The Altamont Crash

I’m sitting here at 11 PM on Sunday night typing this while waiting for my medication to kick in.  It could take me a while since I am typing with one hand.  My left hand is elevated and bandaged because I have an unset broken finger.

My broken finger.

My broken finger.

This afternoon my brother-in-law, David, went up to the top of Paris Mountain to help me record going down the Furman side.  He would be piloting his BMW R-1100.  I would be riding my 2006 Specialized Allez with a compact crank.

The first pass went off without a hitch.  I’ll be putting up that video later.  However, just to make sure we had enough footage to work with, we decided to make another run.

We started down and soon came upon a truck.  I knew that would blow our opportunity so I slowed up and started coasting behind the truck.  Because I was going slow, I didn’t take my normal line.  Looking at the video I see I drifted toward the outside of the road where I would typically go near the yellow line.

You guessed it.  When starting to turn, the rear wheel caught the sandy asphalt on the side and started to go out beneath me.  I went into a slide and my hand and arm rolled under my body.  My first thought was that I had dislocated my pinkie, but it didn’t take long to realize it was broken.

I didn’t want to walk back to the car so I hopped back on my bike and started riding with one hand to the top.  As I started up who should ride up beside me other than Craig Lewis!  I’m reminded that it seems I’m always doing something embarrassing when I end up riding with Craig or George Hincapie.

Craig was super nice and we talked about his camp and the weather at the Tour of California.  I appreciated his offer of further help, but with my car at the top and David on his motorcycle I was set.  Good luck this year, Craig.  Hope to come across you again out there in better circumstances.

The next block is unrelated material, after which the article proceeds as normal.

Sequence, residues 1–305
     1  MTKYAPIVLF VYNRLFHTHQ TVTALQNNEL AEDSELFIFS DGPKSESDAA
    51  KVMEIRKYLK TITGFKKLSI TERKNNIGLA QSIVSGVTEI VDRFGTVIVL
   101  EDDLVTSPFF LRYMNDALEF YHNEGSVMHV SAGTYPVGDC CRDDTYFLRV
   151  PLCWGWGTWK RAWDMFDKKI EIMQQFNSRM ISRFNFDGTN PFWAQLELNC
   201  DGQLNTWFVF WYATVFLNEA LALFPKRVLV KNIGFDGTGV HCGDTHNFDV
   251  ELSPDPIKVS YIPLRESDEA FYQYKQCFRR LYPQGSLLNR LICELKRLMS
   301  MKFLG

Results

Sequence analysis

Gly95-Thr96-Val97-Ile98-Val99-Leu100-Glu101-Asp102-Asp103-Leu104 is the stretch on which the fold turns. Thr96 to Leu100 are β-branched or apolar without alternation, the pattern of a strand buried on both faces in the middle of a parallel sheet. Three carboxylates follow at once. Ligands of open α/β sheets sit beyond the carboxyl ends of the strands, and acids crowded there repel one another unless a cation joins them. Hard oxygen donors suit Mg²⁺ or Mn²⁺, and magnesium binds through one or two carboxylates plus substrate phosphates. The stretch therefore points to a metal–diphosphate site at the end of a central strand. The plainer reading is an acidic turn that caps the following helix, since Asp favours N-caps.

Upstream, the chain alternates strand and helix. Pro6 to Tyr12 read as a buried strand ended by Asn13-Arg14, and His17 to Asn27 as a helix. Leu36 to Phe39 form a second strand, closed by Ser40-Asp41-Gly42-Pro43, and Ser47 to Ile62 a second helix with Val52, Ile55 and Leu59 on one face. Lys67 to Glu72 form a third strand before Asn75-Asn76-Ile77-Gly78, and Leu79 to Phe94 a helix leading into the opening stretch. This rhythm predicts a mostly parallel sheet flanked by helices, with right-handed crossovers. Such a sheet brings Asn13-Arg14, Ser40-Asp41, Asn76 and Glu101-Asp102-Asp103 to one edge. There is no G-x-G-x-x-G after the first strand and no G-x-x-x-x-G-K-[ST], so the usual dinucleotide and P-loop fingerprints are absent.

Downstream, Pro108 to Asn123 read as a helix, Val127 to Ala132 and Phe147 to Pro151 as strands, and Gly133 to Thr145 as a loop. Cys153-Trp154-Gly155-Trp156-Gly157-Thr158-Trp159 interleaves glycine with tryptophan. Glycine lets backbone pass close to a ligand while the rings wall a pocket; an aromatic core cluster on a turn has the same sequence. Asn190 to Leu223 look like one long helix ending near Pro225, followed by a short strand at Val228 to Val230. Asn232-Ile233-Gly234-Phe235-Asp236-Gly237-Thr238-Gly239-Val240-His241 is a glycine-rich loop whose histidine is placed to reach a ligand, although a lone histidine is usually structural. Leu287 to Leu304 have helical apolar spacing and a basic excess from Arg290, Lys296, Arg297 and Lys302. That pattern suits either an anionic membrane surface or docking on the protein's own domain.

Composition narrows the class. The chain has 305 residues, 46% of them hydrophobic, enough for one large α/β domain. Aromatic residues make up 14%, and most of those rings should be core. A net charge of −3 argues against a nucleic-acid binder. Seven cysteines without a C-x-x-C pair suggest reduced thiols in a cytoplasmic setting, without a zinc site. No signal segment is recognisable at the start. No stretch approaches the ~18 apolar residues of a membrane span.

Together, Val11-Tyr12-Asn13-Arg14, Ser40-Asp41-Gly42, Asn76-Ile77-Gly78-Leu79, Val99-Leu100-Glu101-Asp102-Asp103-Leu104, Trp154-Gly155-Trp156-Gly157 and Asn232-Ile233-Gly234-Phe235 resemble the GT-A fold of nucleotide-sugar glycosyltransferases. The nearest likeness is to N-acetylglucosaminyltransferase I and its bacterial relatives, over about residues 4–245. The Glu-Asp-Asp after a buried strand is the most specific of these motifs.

I got in my car and drove to the emergency room at St. Francis Hospital on Patewood.  By the time I got off Paris I was finally starting to feel the pain.  By the time we pulled up at the ER, my hand was beginning to shake.

I hid my finger when I walked in because I didn’t want to freak out people in the waiting room.  The nurse at the counter asked me if she could help me and was I there with someone in need.  I unveiled my finger and her expression changed.  “Wait just a moment,” she said “and the triage nurse will see you.”

Soon I was in a small room with one door opening to the waiting room and another to the ER.  As I sat there giving information and getting a blood pressure reading, I could see the technicians in their work area.  Different ones kept finding an angle to see my hand.  I could see it was a matter of great interest.

St. Francis was awesome.  They had me in to get my X-rays before the paperwork had even cleared.  The technicians were a hoot and made me laugh.  One called me “hardcore” for being able to laugh when my finger was in that state.  My “hardcoreness” started to fade when they had to put my hand in different positions.

I then lay down in a room to wait for the doctor.  That is when I started Twitting.  I didn’t have anything else to do and it seemed like a good story.  I realize now that it might have come across as seeking sympathy — and I am very thankful for the messages that came in.  However, my thoughts were, “Hey, it happened and now that it has it really is a pretty cool story for Low Cadence!”

I won’t bore you with the details, but suffice to say that the angle of the break and the pressure from my tendon pulling on it, made it so that the doctor could not set it.  “Will you have to go into it?” I asked.  ” I won’t,” she replied.  It was pretty obvious she thought someone would have to.  So, I am sitting here with a splint holding the pinkie in place against its neighbor until tomorrow when I go to a hand specialist.

At home I climbed into the shower with great fear and trembling.  The road rash was pretty bad.  It was worse than I thought it was going to be.  In the interest of keeping this site G rated, I will not be showing the rash.  I stifled my screams as I started cleaning out the asphalt and dirt.  Later, the lovely redhead did a masterful job of bandaging me.

Nearly an hour has passed since I started typing this.  The localized shots they gave me are fading.  The dull ache is coming back, but it is being masked by the pain killers.  I’m starting to feel really goooood.  Still, I don’t want to sleep because I know I am going to wake up with pain.

Enjoy the video.  Sorry it isn’t spectacular.

If you are reading this from some RSS readers or Facebook, you will need to visit LowCadence.com to see the video and picture contained in this post.